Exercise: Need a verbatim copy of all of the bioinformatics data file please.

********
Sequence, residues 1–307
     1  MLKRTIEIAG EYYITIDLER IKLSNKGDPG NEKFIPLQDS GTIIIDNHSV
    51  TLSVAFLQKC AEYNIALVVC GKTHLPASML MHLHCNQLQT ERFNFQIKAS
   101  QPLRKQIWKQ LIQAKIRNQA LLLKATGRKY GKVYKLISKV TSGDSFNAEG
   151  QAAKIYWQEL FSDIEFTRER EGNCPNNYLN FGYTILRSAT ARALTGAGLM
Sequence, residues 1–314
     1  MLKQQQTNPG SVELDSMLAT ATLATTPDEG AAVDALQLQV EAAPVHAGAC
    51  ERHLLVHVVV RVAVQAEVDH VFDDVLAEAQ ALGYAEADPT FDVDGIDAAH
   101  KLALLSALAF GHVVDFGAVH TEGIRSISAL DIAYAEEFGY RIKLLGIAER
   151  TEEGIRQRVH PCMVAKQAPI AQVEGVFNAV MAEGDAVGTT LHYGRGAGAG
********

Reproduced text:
Sequence, residues 1–307
     1  MLKRTIEIAG EYYITIDLER IKLSNKGDPG NEKFIPLQDS GTIIIDNHSV
    51  TLSVAFLQKC AEYNIALVVC GKTHLPASML MHLHCNQLQT ERFNFQIKAS
   101  QPLRKQIWKQ LIQAKIRNQA LLLKATGRKY GKVYKLISKV TSGDSFNAEG
   151  QAAKIYWQEL FSDIEFTRER EGNCPNNYLN FGYTILRSAT ARALTGAGLM
Sequence, residues 1–314
     1  MLKQQQTNPG SVELDSMLAT ATLATTPDEG AAVDALQLQV EAAPVHAGAC
    51  ERHLLVHVVV RVAVQAEVDH VFDDVLAEAQ ALGYAEADPT FDVDGIDAAH
   101  KLALLSALAF GHVVDFGAVH TEGIRSISAL DIAYAEEFGY RIKLLGIAER
   151  TEEGIRQRVH PCMVAKQAPI AQVEGVFNAV MAEGDAVGTT LHYGRGAGAG